Ni Chan-Sun Chan

Shun Chan is a term used to represent natural twining when that twining moves inward towards the center of the body. For the right hand the whole-body spiraling is a clockwise rotation and for left hand leading the direction is counter-clockwise. In either case the little finger leads the direction of the rotation. The feeling is one of scooping, as if scooping water, gently.

Ni Chan is a reverse twining or spiraling with the rotation going outward. For the right hand the rotation is counter-clockwise. For the left hand the ni chan is in a clockwise direction. In either case the thumb is leading and the leading is moving away from the center of the body.

Ni Chan and Sun Chan can be practiced as a “reeling-silk” exercise using the wrists alone with a focus simply on the turning of the hands. Little finger leading sun chan toward the body; thumb leading ni chan away from the body.

With practice the ni chan and sun chan can be felt in the practice of the forms.

Back Peng, Front Peng, Left Side Peng, Right Side Peng

The back remains peng to protect the back. The front peng protects the front. Back and front peng occur together. Arms push out connecteding the chest with peng.

Peng on the outside equals connections on the inside. Connection creates full energy.

When the left side has peng it is easier for the right side to have peng. When one side does not have peng it is easier for the other to not have peng.

When the left arm is peng it extends and connects the joints so that there is no blockage in the elbow or the hand.  When there is no blockage in the joints then contact takes place with the dantien with looseness, connection and peng.

Even peng is 360 degrees.

 Peng with extension, stretch, roundness. (March 2018)

Peng with extension, stretch, roundness. (March 2018)

The Body Moves from the Center

The body moves from the vertical core or ding with center winding. At the end of a form the body settles back into place. In the winding the full body is connected with the winding center that moves through the waist and then to the outside of the body.

The left (or right) arm does not pass the left (or right) side, and moves only because the center moves in a winding manner. When the body turns the arms move, but not too far. The arms stay aligned with the center of the body in the front of the chest. Moving from left side to right occurs only because of waist turning.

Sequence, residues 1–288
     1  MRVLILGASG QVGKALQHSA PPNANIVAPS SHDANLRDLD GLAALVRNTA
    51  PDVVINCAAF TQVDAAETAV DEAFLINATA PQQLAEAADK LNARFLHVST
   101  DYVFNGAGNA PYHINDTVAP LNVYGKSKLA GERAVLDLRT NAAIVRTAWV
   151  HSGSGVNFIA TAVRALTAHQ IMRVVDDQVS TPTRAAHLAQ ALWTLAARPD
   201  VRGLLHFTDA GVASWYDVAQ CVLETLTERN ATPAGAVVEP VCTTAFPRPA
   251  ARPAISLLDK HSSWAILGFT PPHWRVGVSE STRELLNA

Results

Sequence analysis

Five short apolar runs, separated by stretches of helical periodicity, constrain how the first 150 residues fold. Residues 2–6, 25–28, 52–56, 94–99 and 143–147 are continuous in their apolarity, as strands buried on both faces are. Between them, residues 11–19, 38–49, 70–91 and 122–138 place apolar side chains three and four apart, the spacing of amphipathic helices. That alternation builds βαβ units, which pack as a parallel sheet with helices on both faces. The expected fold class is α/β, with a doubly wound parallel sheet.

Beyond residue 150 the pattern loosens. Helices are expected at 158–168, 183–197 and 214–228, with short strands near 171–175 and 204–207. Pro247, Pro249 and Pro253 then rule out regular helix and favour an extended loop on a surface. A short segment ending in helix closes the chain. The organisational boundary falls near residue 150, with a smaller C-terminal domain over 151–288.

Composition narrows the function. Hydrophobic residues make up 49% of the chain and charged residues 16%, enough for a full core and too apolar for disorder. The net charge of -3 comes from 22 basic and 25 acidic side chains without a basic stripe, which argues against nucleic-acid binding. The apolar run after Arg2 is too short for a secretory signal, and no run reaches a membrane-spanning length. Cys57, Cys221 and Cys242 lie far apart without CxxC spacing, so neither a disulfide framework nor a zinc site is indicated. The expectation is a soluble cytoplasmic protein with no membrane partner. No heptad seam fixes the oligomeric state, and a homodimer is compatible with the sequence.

When the body moves from the center the elbows are connected and move together, likewise hand with hand and hip with hip.

When moving stay smooth. The body moves horizontally level with the shoulders in line with the head and with the hips.

Each form is executed as one smooth move without stops and with an even flow with twisting and turning.

Throw Your Hard Strength Away

When starting the form the hands lift gently from the body as the body sinks down. The bottom sinks down and the arms stay loose and relaxed. Arms relax and start to move from the shoulder, only because the center is turning. All joints are loose. Keeping the joints open makes the body more flexible and not stuck. Energy passes through the shoulder to the elbow to the hand with the wrist leading with palm face down gentle, yet heavy as if it were in the water. The hand has a natural shape from loose fingers. The chest and back open slightly.

Throw the hard strength away. Soft, heavy, solid energy comes from looseness that builds internal energy. Put the mind into the body to feel each movement and the energy moving. With arms to the side one can extend the energy.

A person's kung fu (practice or work) is known by the longer arms from the shoulder to the arm with dropped elbow, wrist and then hand with movements like being in water.

Sit down as if on a chair. Relax and drop the hips. Hands and feet are in a straight line.

Ding Xi: At End of Each Posture--Like Beer in a Glass in Ireland

At the end of each posture the body energy sinks. Check for 'ding xi' at the end of each posture with this sinking energy. Ding xi is fixed, stable standing as one stays upright yet not still. The chi settles in the body. The mind settles.  In 'ding xi' the organs stay in the right place. The body is upright and is not winding or pulling. Sink the energy to the dantien. Settle down like a glass of beer in Ireland.

 Drop the hips, fold the qua, sink the chi, hips stay level, feel the energy return to dantien. (March 2018)

Drop the hips, fold the qua, sink the chi, hips stay level, feel the energy return to dantien. (March 2018)

Clear the Mind, Watch the Body

Let the thoughts disappear as the mind focuses on the form, on the body movements. Feel the softness, connections, grounded sinking. Feel the looseness in the joints, the breath flowing from ming men through the body returning to the dantien. Sense any stiffness, hardness, or tightness and let the body release these tensions. Keep bringing the mind back to the body in motion and the body in stillness.